After a surprising and mostly successful freshman campaign – one in which he was not expected to make the opening night roster – many observers claimed that Ben Hutton appeared to experience a slight regression in 2016-17. His one goal, 25-point performance in his rookie season was a very pleasant development for the Canucks organization. His follow-up season, not so much.
Jim Benning and the Canucks management group rewarded Hutton’s rookie year with a substantial raise. The two-year, $5.6 million dollar extension represented good value for a young defenceman who could be part of the Canucks core for years to come. Hutton’s numbers, however, took a small dip in 2017. Although he quintupled his goal output from one to five, he managed ten fewer assists while finishing with 19 points. That, in four fewer games. Due to this perceived slip in performance, Hutton became the subject of trade rumours as a sophomore, with particular links to Evander Kane in Buffalo, and more recently, to someone like Ryan Spooner in Boston.
But was Ben Hutton’s season as much a hit to his development as some would have you believe? The truth, as always, is a bit more nuanced.
Above are Hutton’s total 5v5 possession stats for the 2017 year, courtesy our friends at Stats Hockey Analysis. His possession rates actually witnessed a slight improvement over 2016, as we can see below.
While his expected goals for and against decreased and increased, respectively, the Canucks faced fewer attempts on goal when Hutton was on the ice in his second year than during his first. There was also a related decline in Canucks shot attempts, but that decline was not nearly as significant. Although his production may have dropped off a bit during his sophomore season, that may have had more to do with luck than any massive decline in his game.
It may also have had something to do with his defence partners. At even strength, Hutton was paired most often with Erik Gudbranson (until his injury) and Nikita Tryamkin (afterwards). In 428:05 of shared ice time at 5v5 with Gudbranson, the Canucks averaged 47.4% of total shot attempts. In 74:37 of even strength ice time without Hutton, the club’s shot attempt percentage with Gudbranson fell to 46%. For his part, without Gudbranson, Hutton actually experienced a slight uptick to 47.8%. These differences are illustrated most clearly in the graph below.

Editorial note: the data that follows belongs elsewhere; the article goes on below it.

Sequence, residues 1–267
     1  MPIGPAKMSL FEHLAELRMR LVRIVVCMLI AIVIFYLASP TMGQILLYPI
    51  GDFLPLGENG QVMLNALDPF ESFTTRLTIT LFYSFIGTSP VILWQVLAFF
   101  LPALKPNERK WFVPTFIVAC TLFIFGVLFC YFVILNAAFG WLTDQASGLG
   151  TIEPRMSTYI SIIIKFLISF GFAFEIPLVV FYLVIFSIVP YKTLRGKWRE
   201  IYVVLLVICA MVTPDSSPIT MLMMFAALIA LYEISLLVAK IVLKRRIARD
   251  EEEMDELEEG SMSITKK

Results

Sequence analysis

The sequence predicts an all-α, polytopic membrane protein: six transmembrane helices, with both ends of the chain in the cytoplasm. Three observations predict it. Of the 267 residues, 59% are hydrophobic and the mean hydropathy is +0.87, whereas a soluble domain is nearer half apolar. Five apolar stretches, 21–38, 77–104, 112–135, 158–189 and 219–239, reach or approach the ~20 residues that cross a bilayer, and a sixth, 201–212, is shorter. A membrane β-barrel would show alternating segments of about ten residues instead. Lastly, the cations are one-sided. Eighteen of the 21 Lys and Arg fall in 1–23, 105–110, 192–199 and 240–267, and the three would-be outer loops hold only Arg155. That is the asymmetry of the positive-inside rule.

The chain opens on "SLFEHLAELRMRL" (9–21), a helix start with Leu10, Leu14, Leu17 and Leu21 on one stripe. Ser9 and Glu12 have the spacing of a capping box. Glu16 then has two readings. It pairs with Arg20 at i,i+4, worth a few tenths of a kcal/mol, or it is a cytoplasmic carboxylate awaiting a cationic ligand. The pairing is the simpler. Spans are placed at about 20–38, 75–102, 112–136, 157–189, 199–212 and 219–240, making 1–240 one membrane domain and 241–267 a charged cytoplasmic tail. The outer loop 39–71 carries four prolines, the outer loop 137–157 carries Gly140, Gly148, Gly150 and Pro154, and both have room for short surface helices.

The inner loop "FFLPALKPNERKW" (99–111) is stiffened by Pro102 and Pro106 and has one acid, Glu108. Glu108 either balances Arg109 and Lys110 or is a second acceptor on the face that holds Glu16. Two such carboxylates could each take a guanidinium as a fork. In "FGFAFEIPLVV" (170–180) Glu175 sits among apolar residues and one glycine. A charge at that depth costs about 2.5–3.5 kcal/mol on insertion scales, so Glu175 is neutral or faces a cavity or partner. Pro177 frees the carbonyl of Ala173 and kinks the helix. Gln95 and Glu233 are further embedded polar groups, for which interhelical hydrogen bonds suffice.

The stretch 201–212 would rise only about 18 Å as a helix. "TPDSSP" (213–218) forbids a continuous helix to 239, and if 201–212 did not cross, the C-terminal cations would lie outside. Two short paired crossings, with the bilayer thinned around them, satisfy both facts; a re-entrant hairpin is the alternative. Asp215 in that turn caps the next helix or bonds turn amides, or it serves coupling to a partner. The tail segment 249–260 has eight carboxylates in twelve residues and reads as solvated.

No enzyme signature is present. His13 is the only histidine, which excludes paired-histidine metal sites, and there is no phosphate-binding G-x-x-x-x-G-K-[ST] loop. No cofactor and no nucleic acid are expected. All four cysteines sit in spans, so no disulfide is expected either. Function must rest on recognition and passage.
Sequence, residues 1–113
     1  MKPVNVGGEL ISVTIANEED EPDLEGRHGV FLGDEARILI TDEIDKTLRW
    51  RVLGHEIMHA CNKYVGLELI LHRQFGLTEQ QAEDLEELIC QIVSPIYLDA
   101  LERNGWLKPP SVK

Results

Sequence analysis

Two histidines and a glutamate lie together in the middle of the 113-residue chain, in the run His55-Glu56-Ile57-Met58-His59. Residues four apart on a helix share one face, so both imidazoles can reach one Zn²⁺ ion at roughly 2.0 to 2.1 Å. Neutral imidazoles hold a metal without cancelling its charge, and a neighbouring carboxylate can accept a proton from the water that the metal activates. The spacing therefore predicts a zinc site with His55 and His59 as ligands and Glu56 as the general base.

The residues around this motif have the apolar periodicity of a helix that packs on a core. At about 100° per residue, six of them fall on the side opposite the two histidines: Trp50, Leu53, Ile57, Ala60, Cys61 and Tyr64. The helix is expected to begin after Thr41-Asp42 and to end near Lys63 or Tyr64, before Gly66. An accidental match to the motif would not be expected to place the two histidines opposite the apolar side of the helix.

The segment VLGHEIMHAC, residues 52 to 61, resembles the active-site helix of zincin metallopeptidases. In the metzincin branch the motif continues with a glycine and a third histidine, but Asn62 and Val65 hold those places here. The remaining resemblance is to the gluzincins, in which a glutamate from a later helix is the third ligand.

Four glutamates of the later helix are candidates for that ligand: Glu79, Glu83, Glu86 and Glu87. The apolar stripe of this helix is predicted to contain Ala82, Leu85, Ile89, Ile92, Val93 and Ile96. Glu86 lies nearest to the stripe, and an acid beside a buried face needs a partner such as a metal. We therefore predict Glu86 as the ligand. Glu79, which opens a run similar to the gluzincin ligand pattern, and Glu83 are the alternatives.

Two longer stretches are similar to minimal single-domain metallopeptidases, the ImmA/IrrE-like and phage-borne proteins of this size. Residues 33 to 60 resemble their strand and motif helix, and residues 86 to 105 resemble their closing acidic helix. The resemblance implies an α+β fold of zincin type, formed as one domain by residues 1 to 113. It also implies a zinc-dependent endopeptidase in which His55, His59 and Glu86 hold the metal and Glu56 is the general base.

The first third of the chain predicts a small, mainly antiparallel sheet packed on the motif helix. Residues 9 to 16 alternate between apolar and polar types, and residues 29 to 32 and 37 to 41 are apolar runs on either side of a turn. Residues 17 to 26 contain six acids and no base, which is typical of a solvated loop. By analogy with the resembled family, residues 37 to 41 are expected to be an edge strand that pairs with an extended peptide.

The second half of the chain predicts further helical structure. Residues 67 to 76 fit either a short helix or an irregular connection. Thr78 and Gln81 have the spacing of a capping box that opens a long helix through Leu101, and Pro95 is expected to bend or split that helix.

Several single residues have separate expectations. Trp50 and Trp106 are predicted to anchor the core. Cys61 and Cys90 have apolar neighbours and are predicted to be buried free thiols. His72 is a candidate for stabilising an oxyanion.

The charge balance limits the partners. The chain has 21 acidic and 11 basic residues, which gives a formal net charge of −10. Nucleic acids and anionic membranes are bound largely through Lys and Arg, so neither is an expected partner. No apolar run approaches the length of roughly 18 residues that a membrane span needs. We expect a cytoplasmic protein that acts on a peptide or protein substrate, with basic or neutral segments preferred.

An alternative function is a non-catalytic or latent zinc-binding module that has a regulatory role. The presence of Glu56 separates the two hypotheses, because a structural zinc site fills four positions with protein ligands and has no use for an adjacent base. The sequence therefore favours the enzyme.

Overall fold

See that tiny red dot in the middle of the chart? That was Gudbranson’s performance without Hutton. The dot is small because the sample size is admittedly small (Desjardins rarely played Gudbranson at even strength without Hutton prior to his injury), but it indicates that Gudbranson may have in fact relied more on Hutton to shelter his play, rather than the reverse. This analysis runs contrary to Gudbranson’s pointed criticism of Hutton earlier in the season. Back in November, Hutton’s customary partner remarked:
We’re going to watch video and see what’s going on and this is a process with a young guy. He (Hutton) has less than 100 games and it takes 300 to learn to defend well.
Gudbranson received some criticism of his own for that comment, but his season would soon end abruptly due to injury – resulting in Hutton finding a new partner in Nikita Tryamkin. This pair would ultimately provide a more accurate assessment of Hutton’s play in 2017.
In 378:34 minutes of even strength ice time together, Hutton carried a 47.9% CF – a mark that held fairly stable even when the two were pulled apart. As we can see in the chart above, there was a remarkable amount of consistency between situations where Hutton and Tryamkin were together and when they were separated. The amount of overlap on the chart suggests that this was a more accurate reflection of Hutton’s 2016-17 campaign than his time spent with Gudbranson. It is also worth pointing out that the Canucks top three point producers – Bo Horvat and the Sedins – all experienced noticeably better CF percentages with Hutton than without him.
If we evaluate Hutton’s 2017 performance, therefore, in two different contexts – one with Gudbranson and the other with Tryamkin – then a different picture begins to emerge. Instead of a scenario where we interpret Hutton’s 2016-17 campaign as a developmental regression, we can more reasonably make the case that it was actually a slight improvement. His bottom line production decreased a bit more due to luck than anything immediately concerning about his play. The Canucks on-ice shooting percentage, for instance, dipped from 6.5% in 2016 to 6.1% last season when Hutton was on the ice, and should rebound with continued improved play from the young blueliner.
The Canucks, meanwhile, would be wary of placing too much emphasis on Hutton’s performance when partnered with Gudbranson. His play over the last half of the season justified some of the faith the organization placed in him when it signed him to that extension last summer. He may even make the next step before he reaches those coveted 300 games.